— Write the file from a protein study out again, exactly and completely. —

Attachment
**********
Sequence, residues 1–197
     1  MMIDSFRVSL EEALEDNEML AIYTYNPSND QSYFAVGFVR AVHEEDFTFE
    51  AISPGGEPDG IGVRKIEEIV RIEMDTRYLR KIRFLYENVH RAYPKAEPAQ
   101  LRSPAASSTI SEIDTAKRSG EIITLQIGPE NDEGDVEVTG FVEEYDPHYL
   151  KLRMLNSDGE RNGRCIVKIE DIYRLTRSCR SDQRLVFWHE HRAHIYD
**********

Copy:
Sequence, residues 1–197
     1  MMIDSFRVSL EEALEDNEML AIYTYNPSND QSYFAVGFVR AVHEEDFTFE
    51  AISPGGEPDG IGVRKIEEIV RIEMDTRYLR KIRFLYENVH RAYPKAEPAQ
   101  LRSPAASSTI SEIDTAKRSG EIITLQIGPE NDEGDVEVTG FVEEYDPHYL
   151  KLRMLNSDGE RNGRCIVKIE DIYRLTRSCR SDQRLVFWHE HRAHIYD